9:41 p.m. A different kind of homework
Sophia Eristoff, a sophomore majoring in materials science and biomedical engineering, is sitting in a quiet corner of the Gates Center, finishing up her online assignment for tomorrow’s class: CS 15–110 Introduction to Computer Science. Designed for non-majors, the course is a requirement for Eristoff — one she’s glad to fulfill. She is already seeing the ways in which knowledge of Python programming will make her a better engineer.
Eristoff and her classmates find the work in 15–110 to be quite challenging, but they are making good progress while having an educational experience only possible at CMU. This semester, 15–110 is a “blended course,” combining in-class meetings with CMU’s own educational technology that is designed to improve and accelerate student learning.
Tonight, Eristoff is watching videos and working through practice problems using software that lets her know when she is making the right-and wrong-choices. The immediate feedback is a hallmark of CMU’s Open Learning Initiative (OLI), which has dozens of high-quality online courses in topics from computer science to English. OLI also tracks how students respond to each lesson and problem and then uses that data to continuously improve the course. Blended classes like 15–110 use OLI modules to help Eristoff learn more at a faster pace.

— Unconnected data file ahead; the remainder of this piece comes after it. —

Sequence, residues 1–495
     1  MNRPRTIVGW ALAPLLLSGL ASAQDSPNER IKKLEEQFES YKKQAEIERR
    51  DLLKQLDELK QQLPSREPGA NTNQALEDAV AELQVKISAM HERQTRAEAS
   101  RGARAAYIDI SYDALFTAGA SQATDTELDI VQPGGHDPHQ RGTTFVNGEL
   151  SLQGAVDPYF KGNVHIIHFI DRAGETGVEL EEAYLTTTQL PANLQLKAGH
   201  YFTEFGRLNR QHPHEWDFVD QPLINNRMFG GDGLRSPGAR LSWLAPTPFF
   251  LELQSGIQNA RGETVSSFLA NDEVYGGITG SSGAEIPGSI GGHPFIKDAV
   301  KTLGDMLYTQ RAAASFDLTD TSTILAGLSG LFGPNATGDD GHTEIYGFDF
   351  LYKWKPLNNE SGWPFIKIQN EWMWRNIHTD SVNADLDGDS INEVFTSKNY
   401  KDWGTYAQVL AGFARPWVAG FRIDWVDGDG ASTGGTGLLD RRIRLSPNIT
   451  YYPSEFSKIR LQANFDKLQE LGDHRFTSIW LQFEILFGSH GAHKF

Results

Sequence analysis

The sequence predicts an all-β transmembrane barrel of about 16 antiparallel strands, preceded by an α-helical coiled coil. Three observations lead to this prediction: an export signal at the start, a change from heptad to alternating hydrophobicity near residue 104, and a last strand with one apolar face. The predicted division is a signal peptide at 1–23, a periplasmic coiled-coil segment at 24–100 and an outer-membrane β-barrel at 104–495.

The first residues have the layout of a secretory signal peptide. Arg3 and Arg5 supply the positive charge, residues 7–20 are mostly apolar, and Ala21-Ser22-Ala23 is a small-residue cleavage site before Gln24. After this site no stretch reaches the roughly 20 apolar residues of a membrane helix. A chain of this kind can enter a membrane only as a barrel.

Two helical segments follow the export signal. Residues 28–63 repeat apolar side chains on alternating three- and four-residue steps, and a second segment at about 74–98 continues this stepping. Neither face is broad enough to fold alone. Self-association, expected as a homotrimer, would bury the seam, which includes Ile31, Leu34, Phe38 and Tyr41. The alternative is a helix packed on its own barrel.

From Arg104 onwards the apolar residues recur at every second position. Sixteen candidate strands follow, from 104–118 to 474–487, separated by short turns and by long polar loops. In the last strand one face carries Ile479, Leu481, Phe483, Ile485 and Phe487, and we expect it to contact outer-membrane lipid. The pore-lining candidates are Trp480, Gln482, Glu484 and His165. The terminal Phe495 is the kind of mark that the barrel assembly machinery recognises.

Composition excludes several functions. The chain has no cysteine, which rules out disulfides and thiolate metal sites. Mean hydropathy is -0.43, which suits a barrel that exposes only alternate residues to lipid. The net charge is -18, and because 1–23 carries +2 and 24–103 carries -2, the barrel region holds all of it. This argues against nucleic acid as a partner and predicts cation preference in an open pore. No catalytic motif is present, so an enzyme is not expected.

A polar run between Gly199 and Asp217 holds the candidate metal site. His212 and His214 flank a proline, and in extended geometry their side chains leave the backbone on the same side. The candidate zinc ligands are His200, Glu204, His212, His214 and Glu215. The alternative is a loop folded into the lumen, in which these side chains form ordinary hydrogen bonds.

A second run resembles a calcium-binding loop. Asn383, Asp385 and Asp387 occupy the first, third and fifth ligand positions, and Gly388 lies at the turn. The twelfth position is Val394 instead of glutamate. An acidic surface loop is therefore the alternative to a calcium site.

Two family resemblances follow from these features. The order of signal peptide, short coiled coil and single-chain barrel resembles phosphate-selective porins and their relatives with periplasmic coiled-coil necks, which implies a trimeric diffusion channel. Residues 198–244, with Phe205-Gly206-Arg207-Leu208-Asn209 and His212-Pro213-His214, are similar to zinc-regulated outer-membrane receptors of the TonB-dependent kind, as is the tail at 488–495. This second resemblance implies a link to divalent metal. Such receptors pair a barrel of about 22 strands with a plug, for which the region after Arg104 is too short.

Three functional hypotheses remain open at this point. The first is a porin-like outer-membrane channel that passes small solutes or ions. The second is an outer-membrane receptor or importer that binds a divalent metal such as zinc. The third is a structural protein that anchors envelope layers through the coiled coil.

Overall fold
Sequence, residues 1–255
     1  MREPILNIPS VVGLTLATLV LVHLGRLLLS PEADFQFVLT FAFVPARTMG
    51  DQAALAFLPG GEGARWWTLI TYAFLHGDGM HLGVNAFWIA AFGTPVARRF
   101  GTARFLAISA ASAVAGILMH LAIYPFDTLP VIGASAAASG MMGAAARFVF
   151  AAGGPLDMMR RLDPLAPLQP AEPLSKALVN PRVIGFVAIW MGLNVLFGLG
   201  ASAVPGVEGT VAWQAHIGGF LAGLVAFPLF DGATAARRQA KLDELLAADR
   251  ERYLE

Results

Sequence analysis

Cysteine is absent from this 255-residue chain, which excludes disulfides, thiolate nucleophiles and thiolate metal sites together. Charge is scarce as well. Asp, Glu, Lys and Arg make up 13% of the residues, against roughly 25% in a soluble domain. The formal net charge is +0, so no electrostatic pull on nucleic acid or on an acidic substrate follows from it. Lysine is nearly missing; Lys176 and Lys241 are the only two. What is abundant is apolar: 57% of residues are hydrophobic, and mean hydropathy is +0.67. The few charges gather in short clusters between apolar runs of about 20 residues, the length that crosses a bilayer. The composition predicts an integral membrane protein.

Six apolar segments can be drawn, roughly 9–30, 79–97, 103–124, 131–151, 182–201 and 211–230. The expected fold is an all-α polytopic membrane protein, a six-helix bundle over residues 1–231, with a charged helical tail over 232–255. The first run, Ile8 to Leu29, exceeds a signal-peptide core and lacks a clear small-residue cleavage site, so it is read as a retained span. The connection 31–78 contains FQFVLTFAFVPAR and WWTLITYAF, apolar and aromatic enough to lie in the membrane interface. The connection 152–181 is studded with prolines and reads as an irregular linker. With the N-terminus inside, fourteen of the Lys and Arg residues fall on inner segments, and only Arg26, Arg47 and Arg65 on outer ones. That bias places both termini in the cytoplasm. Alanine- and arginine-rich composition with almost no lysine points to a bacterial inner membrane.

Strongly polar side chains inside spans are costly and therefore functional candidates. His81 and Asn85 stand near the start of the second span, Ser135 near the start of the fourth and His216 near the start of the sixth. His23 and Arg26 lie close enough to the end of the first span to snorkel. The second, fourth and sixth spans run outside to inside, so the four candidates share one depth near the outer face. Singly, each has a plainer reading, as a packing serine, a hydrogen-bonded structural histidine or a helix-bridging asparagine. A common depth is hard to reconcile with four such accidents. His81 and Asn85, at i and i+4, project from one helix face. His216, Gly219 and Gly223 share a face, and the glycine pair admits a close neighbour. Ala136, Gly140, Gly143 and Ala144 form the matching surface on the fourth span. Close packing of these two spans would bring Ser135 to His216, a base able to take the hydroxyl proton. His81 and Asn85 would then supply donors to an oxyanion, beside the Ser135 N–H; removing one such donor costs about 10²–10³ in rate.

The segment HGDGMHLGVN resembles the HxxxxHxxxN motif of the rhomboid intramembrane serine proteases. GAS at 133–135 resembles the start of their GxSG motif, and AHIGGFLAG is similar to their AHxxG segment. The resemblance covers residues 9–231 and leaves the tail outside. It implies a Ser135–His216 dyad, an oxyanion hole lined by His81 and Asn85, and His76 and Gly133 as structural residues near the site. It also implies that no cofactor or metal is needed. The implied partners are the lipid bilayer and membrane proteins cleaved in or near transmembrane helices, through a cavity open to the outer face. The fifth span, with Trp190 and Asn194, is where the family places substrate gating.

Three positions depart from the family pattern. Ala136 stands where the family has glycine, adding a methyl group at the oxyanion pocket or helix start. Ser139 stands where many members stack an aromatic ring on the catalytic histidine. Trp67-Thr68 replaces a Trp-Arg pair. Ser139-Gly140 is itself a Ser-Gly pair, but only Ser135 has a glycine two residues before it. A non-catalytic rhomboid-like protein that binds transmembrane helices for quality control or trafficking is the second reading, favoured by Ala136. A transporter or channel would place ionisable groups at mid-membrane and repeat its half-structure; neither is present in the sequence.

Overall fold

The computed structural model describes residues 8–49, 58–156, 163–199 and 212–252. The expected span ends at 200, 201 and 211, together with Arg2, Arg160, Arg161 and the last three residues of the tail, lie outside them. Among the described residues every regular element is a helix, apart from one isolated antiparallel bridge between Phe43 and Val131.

Such blended courses are a hallmark of the Simon Initiative, started at CMU in 2013 by President Subra Suresh. The Simon Initiative aims to transform higher education instruction through CMU-led advances in learning science and its applications. Three key projects support these efforts: LearnLab, DataLab, and OLI.
This initiative takes its name and inspiration from Herbert A. Simon, the Nobel Prize-winning CMU computer scientist who pioneered Artificial Intelligence and was fascinated by the capacity of computation to support the full range of human cognition.
Through the Simon Initiative, Carnegie Mellon is re-engineering courses so that the educational experience for its own students — and students around the world — is more effective, efficient, and personalized.
For Eristoff, the most important thing about the course is that, by the time she gets to class tomorrow, she already will have worked with the material being discussed.
“Normally lectures go way too fast, but with this class, I’m seeing stuff for the second time. Sometimes, when I’m confused in class, I’ll go back to the modules to remind myself of what I figured out the night before.”